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  • TBC
  • Comedy, Drama
  • 2006
  • 90 mins

Les Petites Vacances

Les Petites Vacances


In Olivier Peyon's thriller, a loving grandmother takes a break from loneliness, mortality - and reality. Leading French New Wave figure Bernadette Lafont stars


In Olivier Peyon's feature debut Les Petites Vacances, a crisis sends a needy woman over the edge, endangering those into whose lives she has insinuated herself with such determination.

It is a plot that has been seen many times before. Play Misty For Me (1971) and its 'remake' Fatal Attraction (1987) established this sub-genre's typical pattern, wherein an initially complex, resourceful and sympathetic heroine is transformed by the final reel into a raving monster that must be violently eliminated for order to be restored.

This misogynistic narrative type would then be replayed ad nauseam in films like Single White Female, Poison Ivy, The Hand That Rocks The Cradle, The Temp, Disclosure, Swimfan and The Crush. It did not have to be this way: Fatal Attraction originally ended with Glenn Close's Alex committing suicide rather than going ape, and with Michael Douglas' Dan being accused of her murder - until it became clear to the producers that early preview audiences were baying for Alex to be punished for her 'crime' of being a strong female character in a man's world. Apparently we viewers were only being given the misogyny that we ourselves demanded.

More recently, the sub-genre has undergone something of a feminist revamp. In The Page Turner (2006), the female antagonist is never seen to lose control, and emerges unscathed from the calculated destruction that she has engendered. And even though Danièle (Lafont), the heroine of Les Petites Vacances, is capable of having the odd 'bunny-boiler' moment (in one scene she continues ecstatically hammering a marmot with a broom long after it has actually died), she never has any intention of harming those to whom she is attached.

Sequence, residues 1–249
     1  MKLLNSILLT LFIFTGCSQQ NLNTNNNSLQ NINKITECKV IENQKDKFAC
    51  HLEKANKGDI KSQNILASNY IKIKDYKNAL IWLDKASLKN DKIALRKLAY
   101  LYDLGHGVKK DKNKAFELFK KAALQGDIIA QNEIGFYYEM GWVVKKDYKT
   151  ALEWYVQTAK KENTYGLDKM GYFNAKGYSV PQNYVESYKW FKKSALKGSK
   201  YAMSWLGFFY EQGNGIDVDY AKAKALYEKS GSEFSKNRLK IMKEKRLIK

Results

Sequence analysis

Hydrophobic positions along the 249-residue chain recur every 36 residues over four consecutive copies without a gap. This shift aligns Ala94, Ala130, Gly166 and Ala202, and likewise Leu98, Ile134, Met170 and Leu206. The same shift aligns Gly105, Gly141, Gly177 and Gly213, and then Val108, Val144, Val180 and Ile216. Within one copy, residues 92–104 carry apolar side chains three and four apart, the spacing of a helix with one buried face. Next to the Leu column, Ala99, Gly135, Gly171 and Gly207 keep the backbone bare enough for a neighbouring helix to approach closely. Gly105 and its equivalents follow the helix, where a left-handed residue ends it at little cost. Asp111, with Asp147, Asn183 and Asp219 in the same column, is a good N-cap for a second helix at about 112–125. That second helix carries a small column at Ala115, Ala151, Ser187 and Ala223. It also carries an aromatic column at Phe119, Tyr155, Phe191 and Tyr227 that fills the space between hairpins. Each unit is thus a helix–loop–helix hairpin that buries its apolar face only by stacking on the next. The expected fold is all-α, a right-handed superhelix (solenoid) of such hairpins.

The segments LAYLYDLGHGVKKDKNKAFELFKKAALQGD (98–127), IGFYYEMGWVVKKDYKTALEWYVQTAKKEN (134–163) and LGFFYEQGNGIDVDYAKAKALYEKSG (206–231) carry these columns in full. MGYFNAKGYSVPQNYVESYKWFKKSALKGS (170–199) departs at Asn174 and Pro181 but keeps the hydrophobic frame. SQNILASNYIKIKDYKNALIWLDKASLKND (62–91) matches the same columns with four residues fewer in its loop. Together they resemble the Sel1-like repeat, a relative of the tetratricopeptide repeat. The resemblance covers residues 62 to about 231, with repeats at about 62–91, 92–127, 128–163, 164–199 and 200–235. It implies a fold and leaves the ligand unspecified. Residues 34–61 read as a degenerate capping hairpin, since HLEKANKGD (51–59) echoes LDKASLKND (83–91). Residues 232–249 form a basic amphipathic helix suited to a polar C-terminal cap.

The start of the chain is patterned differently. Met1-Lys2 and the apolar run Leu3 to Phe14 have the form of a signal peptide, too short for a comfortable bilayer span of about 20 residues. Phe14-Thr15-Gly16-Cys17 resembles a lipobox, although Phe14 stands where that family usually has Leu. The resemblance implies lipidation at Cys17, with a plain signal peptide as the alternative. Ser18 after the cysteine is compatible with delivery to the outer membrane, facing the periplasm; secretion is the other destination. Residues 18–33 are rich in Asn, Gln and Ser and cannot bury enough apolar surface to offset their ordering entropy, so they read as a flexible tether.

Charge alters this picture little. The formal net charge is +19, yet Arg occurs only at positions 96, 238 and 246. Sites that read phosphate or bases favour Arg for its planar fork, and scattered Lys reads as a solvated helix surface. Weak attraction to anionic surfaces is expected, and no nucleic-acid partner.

Danièle's relationship to her 'victims' is not as scorned mistress, unhinged roommate, over-ambitious secretary, murderous schoolfriend or sociopathic babysitter, but rather as kindly, doting grandmother. Her breakdown is all the more believable, and all the more devastating, because it is motivated in part by genuine, familial love and terrible loss.

Retired schoolteacher Danièle escorts her two beloved grandchildren, teenaged Marine (Csech) and the much younger Thomas (Franchi), on the train journey to visit their divorced father over the Easter vacation - but when he gets delayed at work, Danièle seizes the opportunity to spend a whole afternoon with the children. Learning that next time the children will be old enough to make the trip alone, Danièle decides to extend their little holiday together. They spend the night in an inn, the following day in the mountains, then move on to a palatial hotel on the lake, and then even further afield, with Danièle stopping at nothing (persuasion, bribery, emotional blackmail and outright deception) to keep the children happy in her company.

It might be a picture of familial bliss, were it not for the fact that Danièle also gradually cuts off all communications with Marine and Thomas' increasingly alarmed parents, becoming in effect her fellow-travellers' abductor. Basking in her grandchildren's youthful exuberance, Danièle strives to slough off all responsibility - but it is difficult to enjoy a second childhood with a granddaughter who wants only to enter adulthood. One way or another, Danièle's aberrant escapade must come to an end.

Les Petites Vacances is a portrait of a lonely woman's painful unravelling, and her last, hopeless stand against aging and death. In keeping with its generic affiliations, the film is full of suspense, as Danièle's increasing resort to lies, evasion and manipulation keeps the viewer guessing just how far she will go in her flight from reality.

At the same time, thanks to a sensitive script and Lafont's extraordinarily nuanced performance, Danièle retains our sympathies even when she is at her most reprehensible. The film may hint at possible horrors just round the bend, but the mood that predominates here is instead one of bleak sadness, as a grandmother realises there is no going back, and a granddaughter realises her adolescent rebellious streak is in fact inherited.

Cast & Connections

  • Actor: Jocelyne Desyerchère, Adèle Csech, Lucas Franchi, Mireille Roussel, Béatrice Chéramy, Bernadette Lafont, Claude Brasseur, Eric Savin, Claire Nadeau, Benjamin Rolland
  • Director: Olivier Peyon
  • Writer: Olivier Peyon, Gladys Marciano, Cyril Brody
  • Producer: Gérard Pont, Gérard Lacroix, Edgard Tenenbaum
  • Photographer: Alexis Kavyrchine
  • Composer: Jérôme Baur

In a nutshell

Peyon teases a well-worn thriller format into a subtle and moving drama about loss, regret and desperation. Rarely has the spirit of carpe diem seemed so tragically belated.

by Anton Bitel

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